The leaders of the advertising industry and the great technology companies of Silicon Valley are studying the worst practices in web advertising through ad blockers. In this way, it would be avoided to show the user videos that occur alone with sound, “pop-ups” or curtains that block the reading of the content, AdvertisingAge reports when citing Stu Ingis, counselor of the Better Ads coalition.
The discussion on the initiative is developed in this coalition, which is formed by Google, Microsoft, Facebook, Thomson Reuters, The Washington Post and others with the Interactive Advertising Office and the Association of National Advertisers of the United States.
The goal is to end the ads that ruin the user experience because, in the words of Ingis, pose a threat to the broad business ecosystem that supports the Internet. His words give context to the surprising movement of Google, which studies to include its own advertising blocker in the smartphone and desktop versions of its Chrome browser.
It was strange to conceive such a risky move by Google against regulation to protect its advertising business. In fact, it is protected by the industry that intends to promote good practices and punish the bad ones in order to maintain the health of their businesses in advertising and improve the web experience.
At best, the media would reach a consensus of using only “acceptable” ads and users would enjoy a better browsing experience and less bulky wireless connection bills.
But it would take an independent group to oversee the adoption and development of this ad blocking technology. “I do not see the way in which a technological solution is presented without supervision,” says Ingis. “You need to check that technology does what it has to do and to prevent any company from making decisions on its own.”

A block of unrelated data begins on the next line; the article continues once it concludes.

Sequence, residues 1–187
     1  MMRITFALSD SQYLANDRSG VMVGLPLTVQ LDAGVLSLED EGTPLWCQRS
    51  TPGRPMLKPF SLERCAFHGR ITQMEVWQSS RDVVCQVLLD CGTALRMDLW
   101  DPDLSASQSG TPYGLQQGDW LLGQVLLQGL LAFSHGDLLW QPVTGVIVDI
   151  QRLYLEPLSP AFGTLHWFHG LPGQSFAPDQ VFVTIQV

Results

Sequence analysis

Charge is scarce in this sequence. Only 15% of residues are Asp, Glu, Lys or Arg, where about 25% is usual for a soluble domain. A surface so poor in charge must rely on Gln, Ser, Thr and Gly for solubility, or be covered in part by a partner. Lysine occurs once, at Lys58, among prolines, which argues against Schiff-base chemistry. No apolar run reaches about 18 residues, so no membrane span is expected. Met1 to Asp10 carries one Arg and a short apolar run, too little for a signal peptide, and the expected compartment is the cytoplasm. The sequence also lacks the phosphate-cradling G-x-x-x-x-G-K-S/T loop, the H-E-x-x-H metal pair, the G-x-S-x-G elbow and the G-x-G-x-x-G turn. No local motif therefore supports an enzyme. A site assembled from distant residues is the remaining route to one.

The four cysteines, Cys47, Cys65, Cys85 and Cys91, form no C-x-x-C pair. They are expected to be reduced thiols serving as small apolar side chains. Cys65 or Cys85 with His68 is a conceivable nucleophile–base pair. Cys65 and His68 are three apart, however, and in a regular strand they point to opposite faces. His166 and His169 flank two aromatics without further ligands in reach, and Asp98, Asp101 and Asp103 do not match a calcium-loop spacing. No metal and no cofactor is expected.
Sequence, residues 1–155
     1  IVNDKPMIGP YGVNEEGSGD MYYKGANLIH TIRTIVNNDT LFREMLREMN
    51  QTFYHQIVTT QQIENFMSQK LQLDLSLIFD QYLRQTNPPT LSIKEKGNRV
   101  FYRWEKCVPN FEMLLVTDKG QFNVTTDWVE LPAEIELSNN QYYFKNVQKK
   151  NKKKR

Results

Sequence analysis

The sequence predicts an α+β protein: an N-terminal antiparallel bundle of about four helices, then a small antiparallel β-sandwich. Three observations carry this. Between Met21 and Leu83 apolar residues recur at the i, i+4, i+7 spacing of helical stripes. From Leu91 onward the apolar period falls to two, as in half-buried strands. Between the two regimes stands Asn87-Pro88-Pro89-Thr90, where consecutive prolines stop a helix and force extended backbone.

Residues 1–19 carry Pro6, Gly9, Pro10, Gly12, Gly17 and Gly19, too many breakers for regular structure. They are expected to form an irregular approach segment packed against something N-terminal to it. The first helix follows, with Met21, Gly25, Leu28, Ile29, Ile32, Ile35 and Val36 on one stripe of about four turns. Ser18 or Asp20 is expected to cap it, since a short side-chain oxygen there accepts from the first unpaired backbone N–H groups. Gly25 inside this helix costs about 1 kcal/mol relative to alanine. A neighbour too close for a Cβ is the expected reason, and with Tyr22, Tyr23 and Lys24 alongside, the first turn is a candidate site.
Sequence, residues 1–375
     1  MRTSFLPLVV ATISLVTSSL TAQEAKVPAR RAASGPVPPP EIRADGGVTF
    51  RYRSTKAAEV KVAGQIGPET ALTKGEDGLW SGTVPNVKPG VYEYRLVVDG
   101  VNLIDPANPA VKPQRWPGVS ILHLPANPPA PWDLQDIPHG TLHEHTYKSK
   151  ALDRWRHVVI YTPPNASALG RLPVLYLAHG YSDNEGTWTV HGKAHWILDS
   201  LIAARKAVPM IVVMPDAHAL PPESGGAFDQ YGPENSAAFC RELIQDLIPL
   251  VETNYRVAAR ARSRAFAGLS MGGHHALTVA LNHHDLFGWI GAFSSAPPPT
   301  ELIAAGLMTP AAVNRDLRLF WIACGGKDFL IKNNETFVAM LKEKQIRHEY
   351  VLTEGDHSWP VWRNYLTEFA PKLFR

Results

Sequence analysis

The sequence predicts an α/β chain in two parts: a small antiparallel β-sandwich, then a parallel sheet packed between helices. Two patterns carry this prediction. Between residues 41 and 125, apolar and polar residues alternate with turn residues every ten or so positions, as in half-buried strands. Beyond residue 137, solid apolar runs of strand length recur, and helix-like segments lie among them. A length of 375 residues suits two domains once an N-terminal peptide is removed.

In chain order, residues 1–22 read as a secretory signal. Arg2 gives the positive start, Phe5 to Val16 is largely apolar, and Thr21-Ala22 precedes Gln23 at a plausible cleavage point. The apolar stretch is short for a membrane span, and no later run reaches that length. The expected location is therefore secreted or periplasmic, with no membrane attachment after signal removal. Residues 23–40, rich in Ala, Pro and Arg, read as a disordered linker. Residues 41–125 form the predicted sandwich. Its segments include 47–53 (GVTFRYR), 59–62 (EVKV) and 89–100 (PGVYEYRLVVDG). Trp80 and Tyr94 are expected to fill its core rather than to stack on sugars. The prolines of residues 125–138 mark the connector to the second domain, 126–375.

It makes sense that the industry that lives on advertising is interested in blocking “bad” advertising . With angry users, advertising blockers that do not distinguish the “good” and the “bad” damage the whole ecosystem: advertisers and media. Its objectives are aligned with those of consumers, who seek a less intrusive and frustrating browsing experience.
It is a defensive measure, where the big victims would be the websites that abuse their visitors. It should not harm the big media or, of course, the big technology companies that sell advertising like Google and Facebook.
It will be interesting to see if, in the event that technology is implemented to block large-scale advertisements, ways are also introduced to protect the privacy of Internet users. Something far more improbable.